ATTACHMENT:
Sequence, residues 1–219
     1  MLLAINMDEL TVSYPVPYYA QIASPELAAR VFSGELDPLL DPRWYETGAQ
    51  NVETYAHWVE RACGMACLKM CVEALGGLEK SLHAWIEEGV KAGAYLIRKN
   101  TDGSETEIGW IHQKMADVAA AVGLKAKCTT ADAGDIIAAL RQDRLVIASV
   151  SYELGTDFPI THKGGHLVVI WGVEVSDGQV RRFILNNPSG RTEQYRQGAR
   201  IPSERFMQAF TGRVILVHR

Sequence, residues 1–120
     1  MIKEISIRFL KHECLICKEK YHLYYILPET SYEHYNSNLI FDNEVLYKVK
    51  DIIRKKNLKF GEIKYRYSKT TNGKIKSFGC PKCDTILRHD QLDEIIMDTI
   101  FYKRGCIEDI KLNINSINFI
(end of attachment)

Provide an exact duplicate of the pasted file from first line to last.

Sequence, residues 1–219
     1  MLLAINMDEL TVSYPVPYYA QIASPELAAR VFSGELDPLL DPRWYETGAQ
    51  NVETYAHWVE RACGMACLKM CVEALGGLEK SLHAWIEEGV KAGAYLIRKN
   101  TDGSETEIGW IHQKMADVAA AVGLKAKCTT ADAGDIIAAL RQDRLVIASV
   151  SYELGTDFPI THKGGHLVVI WGVEVSDGQV RRFILNNPSG RTEQYRQGAR
   201  IPSERFMQAF TGRVILVHR

Sequence, residues 1–120
     1  MIKEISIRFL KHECLICKEK YHLYYILPET SYEHYNSNLI FDNEVLYKVK
    51  DIIRKKNLKF GEIKYRYSKT TNGKIKSFGC PKCDTILRHD QLDEIIMDTI
   101  FYKRGCIEDI KLNINSINFI